Negotiations & The Shit Sandwich
(One of the 83 quick and practical life & work lessons from Sh*t Sandwich: Quick & Practical Success Lessons for Practically Anyone.)
Buyers are Liars… But, Who Cares?
Selling Budweiser beer during the early 1990s on Chicago’s South Side, you rarely faced a day when at least one retailer wasn’t holding a gun to your head. From the first and second generation immigrant liquor and convenience store owners to the mostly American-born tavern owners, everyone demanded the best damned deal every damned day.
As beer salesmen, we were so inundated with crazy demands and (often feigned) dissatisfaction from so many retailers, that most of us firmly believed we could give the beer away for free and every single one of them would still complain about what time we delivered it.
They were a relentless, selfish, and colorful collection of the most annoying people you could ever expect to encounter on one job. That said, I spent ten years in the beer business and I can count the number of bad days I had on one hand.
Interestingly, despite the huge cultural differences between a third generation Irish-American bar owner and a first generation Middle Eastern liquor store owner, they were incredibly similar in their approach to negotiations.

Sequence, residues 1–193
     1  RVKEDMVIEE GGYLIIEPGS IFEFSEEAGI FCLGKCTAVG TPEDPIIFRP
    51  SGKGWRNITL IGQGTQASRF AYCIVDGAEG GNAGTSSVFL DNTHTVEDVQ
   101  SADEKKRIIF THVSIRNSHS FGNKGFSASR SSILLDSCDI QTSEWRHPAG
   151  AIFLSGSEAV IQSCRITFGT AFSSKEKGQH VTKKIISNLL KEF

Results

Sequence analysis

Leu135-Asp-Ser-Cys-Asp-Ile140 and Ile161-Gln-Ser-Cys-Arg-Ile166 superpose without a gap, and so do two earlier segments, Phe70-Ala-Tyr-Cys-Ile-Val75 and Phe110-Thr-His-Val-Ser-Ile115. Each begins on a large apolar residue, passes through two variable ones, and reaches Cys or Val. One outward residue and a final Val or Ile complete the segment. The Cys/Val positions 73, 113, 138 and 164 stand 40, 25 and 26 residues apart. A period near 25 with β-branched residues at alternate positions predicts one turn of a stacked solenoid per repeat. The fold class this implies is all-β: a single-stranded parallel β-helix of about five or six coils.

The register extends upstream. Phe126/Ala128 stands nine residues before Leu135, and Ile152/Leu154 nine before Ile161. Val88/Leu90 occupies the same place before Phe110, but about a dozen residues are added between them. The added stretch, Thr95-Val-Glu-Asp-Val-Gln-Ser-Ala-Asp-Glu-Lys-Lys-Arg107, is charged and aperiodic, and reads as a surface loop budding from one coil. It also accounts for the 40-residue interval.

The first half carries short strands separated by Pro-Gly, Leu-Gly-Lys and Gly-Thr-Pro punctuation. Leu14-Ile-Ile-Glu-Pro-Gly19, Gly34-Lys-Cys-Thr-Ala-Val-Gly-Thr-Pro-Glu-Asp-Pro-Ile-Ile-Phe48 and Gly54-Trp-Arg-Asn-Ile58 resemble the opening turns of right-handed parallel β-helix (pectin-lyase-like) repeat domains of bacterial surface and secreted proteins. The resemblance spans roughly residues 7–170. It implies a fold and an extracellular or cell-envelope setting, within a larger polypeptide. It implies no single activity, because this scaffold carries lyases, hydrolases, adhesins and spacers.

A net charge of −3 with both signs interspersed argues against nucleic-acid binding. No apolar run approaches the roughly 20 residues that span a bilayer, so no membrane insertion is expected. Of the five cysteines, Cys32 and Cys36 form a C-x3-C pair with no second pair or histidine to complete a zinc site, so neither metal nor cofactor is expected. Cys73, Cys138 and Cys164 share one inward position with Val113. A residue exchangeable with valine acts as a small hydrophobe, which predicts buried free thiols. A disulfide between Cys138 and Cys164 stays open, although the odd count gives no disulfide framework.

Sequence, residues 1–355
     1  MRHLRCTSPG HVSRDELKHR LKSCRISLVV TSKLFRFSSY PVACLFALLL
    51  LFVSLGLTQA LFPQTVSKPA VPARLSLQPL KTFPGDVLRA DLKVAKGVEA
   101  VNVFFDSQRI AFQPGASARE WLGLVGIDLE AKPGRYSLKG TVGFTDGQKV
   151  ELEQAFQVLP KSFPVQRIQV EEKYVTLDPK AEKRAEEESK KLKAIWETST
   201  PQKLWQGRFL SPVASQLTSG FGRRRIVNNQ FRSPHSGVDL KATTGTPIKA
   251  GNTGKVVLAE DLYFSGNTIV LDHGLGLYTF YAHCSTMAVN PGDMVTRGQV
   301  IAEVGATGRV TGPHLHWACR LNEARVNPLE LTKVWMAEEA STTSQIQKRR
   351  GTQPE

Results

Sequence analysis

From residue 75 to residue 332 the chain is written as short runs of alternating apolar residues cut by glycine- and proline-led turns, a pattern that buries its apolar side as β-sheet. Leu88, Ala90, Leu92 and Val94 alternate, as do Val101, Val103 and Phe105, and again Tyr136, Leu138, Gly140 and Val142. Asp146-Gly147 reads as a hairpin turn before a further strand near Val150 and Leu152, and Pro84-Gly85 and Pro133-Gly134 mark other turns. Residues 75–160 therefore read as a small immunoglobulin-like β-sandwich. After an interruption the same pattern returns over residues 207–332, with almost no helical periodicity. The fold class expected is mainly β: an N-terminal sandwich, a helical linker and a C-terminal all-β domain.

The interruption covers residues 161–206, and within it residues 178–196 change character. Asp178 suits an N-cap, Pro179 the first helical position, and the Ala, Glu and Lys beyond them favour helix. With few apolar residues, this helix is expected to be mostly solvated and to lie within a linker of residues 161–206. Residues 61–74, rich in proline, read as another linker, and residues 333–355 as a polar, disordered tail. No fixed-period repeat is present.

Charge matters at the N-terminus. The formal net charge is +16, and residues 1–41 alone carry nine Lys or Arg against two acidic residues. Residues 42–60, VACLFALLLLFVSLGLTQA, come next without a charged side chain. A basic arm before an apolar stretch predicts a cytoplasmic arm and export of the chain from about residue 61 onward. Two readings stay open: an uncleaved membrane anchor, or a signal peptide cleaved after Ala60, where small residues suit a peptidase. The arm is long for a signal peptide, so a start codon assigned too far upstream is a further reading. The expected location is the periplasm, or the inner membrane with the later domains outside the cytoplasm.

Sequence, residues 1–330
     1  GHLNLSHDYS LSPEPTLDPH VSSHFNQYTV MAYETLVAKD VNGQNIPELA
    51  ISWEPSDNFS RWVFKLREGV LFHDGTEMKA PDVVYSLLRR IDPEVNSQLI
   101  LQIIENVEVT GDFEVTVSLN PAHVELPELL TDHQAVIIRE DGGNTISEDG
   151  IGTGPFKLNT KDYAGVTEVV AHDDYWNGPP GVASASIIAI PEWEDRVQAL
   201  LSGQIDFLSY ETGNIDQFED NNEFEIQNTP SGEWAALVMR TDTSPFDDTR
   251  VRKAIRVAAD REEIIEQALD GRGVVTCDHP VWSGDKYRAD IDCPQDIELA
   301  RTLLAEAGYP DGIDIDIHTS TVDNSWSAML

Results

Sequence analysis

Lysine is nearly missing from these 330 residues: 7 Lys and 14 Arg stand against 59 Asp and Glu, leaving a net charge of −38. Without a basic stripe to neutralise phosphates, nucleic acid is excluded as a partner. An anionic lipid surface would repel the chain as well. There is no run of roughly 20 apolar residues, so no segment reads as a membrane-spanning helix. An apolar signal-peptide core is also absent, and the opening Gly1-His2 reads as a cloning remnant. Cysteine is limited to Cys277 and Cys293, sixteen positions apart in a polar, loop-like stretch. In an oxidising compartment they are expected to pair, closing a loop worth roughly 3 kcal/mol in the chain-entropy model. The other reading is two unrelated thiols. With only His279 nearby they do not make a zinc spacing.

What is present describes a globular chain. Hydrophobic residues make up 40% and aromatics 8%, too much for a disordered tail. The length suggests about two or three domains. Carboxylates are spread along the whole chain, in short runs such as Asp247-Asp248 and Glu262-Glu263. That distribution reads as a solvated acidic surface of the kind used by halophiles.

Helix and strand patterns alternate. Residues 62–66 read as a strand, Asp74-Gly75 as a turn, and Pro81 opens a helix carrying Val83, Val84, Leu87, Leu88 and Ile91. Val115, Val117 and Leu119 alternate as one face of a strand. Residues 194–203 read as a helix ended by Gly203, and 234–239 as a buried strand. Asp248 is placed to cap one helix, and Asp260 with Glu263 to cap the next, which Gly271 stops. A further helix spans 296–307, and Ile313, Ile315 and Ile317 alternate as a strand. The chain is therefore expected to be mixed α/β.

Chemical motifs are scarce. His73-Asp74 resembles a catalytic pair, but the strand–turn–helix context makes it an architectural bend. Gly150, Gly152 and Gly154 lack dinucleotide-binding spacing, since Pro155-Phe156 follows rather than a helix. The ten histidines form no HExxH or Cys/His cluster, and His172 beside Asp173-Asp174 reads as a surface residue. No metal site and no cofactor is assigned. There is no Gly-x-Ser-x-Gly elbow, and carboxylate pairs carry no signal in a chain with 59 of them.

“Fuck you; Old Style offered me four dollars off per case!”
In every one of these instances, they were either lying to me or telling me the truth. Trying to ascertain whether a buyer’s statement is truthful or not is where most salespeople and especially sales managers fail. (If you’re in sales, you may have been taught that buyers are liars.)
The correct answer to “Is my buyer lying to me or not?” should always be “Who cares?”
Because… who cares? It’s not important whether they are lying or not, because knowing this (believe it or not) gets you no closer to your goal. In my case, that goal was selling the most beer at the highest possible price. Whether or not our competition offered a deeper discount was not my concern. My goal was the same either way.
So, assume they’re lying or assume they’re not; it really doesn’t matter. Our goal is what matters. Whether during a negotiation or simply a conversation with a coworker in the hall, keeping the goal front and center keeps us from ruining everything due to someone else’s dishonesty… or not.